melissa etheridge 248.88.
(photo credit: Courtesy)
Being home sick is a mixed blessing. There's a modicum of sympathy you get from the family, maybe a blanket and a hug for example. But then there are all those hours spent fading in and out of consciousness with moments of lucidity spent desperately searching for something to watch on TV.
That's the way it was in recent weeks when stuck at home midday with no good DVDs. We let desperation drive us to bizarre results such as the Zone Reality channel, a strange mix of mostly sub-standard programming focusing on emergencies, people overcoming obstacles and, in this case, cow poop.
But with the medicine playing tricks with my brain, I let Zone Reality - actually being passed off by HOT as a legitimate viewing choice - take over about two hours of one afternoon.
This is how sick I really was.
Simply put, there is no other way to explain why we allowed ourselves to suffer through even a minute of The Filth Files, a New Zealand-produced program focusing on ecological and environmental challenges. Perhaps the English ensconced me, but I'm not so sure. I watched a team of inspectors from Hutt, New Zealand deal with the challenges of Guy Fawkes Day celebrations, including how they "keep the lid on this potentially explosive situation."
Get it? Explosive!
Yeah. I watched the men in yellow vests tackle kids puking their guts out as they battled "the toxic mixture of gunpowder and illicit alcohol." But that wasn't as much fun as a stupid woman who couldn't keep her dogs from running away or another who asked the inspectors to take her pet because, "it's a stupid dog." The highlight of the program was a quick zoom-in on "an escaping puppy," as if it was America's Most Wanted.
Back on the beach, the Guy Fawkes parties were requiring the inspectors to use "the tact of a diplomat, the discretion of a judge and the patience of a saint." I certainly was showing patience for this show, especially when the next segment focused on how New Zealand farmers deal with 20,000 liters of effluent produced by four million cows.
Still too weak to consider changing the station, we held on for the next offering - two hours of the Melissa Etheridge-hosted Beyond Chance. Etheridge, who's had her own share of medical problems, probably was inspired by her comeback - and a paycheck - to host the show, which tells various human interest stories based on the same theme: "Coincidence? Fate? Or, Divine intervention? Without exception, these stories areâ€¦(cue music) Beyond Chance."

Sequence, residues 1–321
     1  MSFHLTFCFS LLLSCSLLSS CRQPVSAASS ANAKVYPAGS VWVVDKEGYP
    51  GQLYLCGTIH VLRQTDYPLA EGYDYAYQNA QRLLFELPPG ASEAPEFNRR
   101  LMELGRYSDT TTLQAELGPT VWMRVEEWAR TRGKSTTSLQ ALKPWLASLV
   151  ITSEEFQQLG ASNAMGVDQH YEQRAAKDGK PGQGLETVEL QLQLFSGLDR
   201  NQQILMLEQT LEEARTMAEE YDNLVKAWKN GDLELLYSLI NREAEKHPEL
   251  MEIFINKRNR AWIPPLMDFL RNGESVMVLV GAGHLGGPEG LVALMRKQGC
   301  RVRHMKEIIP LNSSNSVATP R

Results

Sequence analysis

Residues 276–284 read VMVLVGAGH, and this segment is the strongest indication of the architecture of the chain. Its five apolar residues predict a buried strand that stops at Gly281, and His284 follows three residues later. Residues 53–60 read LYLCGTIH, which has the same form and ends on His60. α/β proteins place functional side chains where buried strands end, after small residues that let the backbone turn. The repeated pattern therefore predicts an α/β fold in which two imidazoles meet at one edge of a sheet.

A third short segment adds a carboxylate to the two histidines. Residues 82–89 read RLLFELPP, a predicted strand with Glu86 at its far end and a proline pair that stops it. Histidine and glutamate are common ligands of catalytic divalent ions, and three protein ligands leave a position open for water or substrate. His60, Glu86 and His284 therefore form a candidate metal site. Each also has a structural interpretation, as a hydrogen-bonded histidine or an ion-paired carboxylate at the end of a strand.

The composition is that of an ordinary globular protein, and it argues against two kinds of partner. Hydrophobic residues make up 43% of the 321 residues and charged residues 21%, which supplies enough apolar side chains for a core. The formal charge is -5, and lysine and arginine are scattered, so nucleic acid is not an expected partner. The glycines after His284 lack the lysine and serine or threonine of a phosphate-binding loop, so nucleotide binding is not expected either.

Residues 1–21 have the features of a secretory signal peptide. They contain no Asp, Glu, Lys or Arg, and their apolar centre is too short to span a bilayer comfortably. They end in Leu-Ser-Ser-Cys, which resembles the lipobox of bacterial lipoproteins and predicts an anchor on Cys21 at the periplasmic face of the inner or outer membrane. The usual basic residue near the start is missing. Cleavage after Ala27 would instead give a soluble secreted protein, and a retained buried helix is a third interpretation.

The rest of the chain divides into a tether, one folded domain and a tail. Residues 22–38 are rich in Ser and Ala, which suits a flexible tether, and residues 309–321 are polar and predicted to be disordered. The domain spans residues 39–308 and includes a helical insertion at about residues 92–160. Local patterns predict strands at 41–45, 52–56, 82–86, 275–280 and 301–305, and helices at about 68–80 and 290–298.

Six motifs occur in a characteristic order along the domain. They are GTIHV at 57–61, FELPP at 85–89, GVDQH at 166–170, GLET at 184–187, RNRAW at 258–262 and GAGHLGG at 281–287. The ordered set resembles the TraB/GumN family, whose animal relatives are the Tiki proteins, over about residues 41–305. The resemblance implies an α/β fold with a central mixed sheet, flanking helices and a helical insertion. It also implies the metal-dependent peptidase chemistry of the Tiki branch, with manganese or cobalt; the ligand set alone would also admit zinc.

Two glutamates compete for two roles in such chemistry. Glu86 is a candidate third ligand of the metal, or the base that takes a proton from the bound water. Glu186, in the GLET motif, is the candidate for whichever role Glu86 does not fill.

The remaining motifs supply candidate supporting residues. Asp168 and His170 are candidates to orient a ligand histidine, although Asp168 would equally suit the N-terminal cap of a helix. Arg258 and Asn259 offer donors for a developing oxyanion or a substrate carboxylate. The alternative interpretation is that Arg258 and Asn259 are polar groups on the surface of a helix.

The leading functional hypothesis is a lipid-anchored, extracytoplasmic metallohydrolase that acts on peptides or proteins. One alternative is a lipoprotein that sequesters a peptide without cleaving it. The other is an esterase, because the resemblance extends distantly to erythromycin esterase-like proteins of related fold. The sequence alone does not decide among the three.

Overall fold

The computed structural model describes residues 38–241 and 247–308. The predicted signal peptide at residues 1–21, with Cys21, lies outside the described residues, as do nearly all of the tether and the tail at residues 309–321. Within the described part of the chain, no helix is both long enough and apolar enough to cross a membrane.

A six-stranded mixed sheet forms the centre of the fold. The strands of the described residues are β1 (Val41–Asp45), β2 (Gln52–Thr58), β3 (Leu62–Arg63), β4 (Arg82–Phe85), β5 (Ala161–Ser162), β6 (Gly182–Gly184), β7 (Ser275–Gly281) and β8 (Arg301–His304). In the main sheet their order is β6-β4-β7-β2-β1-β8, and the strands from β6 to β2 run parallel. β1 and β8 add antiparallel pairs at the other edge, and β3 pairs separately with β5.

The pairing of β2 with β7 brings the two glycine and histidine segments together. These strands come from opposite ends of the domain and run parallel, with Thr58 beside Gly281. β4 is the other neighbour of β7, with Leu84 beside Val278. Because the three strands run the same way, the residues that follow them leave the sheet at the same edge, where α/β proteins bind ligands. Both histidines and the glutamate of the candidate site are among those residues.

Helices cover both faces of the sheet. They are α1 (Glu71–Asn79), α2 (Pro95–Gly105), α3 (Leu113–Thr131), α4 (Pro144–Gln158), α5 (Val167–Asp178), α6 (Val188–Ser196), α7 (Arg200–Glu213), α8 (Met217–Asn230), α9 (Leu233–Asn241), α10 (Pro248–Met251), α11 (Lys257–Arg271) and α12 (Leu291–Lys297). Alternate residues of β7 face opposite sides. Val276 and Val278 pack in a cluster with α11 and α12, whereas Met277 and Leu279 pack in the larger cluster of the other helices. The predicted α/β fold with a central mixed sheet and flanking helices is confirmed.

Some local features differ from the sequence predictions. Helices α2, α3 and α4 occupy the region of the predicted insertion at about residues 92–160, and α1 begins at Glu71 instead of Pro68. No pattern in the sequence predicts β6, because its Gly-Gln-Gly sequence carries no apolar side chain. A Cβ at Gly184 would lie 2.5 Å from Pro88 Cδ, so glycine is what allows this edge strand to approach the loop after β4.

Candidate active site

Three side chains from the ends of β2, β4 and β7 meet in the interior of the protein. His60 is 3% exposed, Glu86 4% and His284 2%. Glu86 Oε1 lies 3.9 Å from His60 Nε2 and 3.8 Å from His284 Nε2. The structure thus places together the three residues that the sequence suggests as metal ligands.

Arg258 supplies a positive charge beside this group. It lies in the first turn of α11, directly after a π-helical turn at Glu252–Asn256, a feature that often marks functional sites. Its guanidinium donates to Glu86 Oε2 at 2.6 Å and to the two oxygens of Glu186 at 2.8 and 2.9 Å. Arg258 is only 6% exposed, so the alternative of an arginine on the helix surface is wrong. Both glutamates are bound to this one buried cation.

Actually, the first story, of a woman who decided, after losing her stepmother, to go on an Alaskan wilderness journey was fairly interesting. Especially when it transpired that her grandfather, about whom she had never known, had made practically the same journey almost 100 years before.
Then Etheridge started with "eerie parallels" and what not. The daughter revealed, "all of a sudden I realized who I was." And they lost me.
The second offering gave us a couple of women, with daughters who are friends, who initially hated one another and found out later that they're actually sisters. It was much more touchy-feely.
"You don't usually feel grief for someone you haven't met, but she's still my mom," said Lydia of her biological-mother, who turned out to also be the deceased mother of Tammy, the girl she hated so much but who are now best friends. What? Doesn't matter! Cue fuzzy music.
Schlock TV is the best way to describe Zone Reality. And, it's a far cry from the English-language channel HOT so desperately requires to replace Star World.
Other programming gems offered are shows like Trauma or Unexplained Mysteries, programs as equally as uninteresting.
My fever's down and we're getting back to normal in our TV viewing. This, of course, does not mean HOT can still get away with floating this junk as an excuse for providing decent English content. One is left to wonder, what kind of viewer-ship this channel even has.
"I think God has a plan for all of us and this just proves he has a sense of humor," said Lydia of her being reunited with her sister Tammy. HOT certainly needs to get a plan together because this is not funny.
Zone Reality is available on HOT channel 50.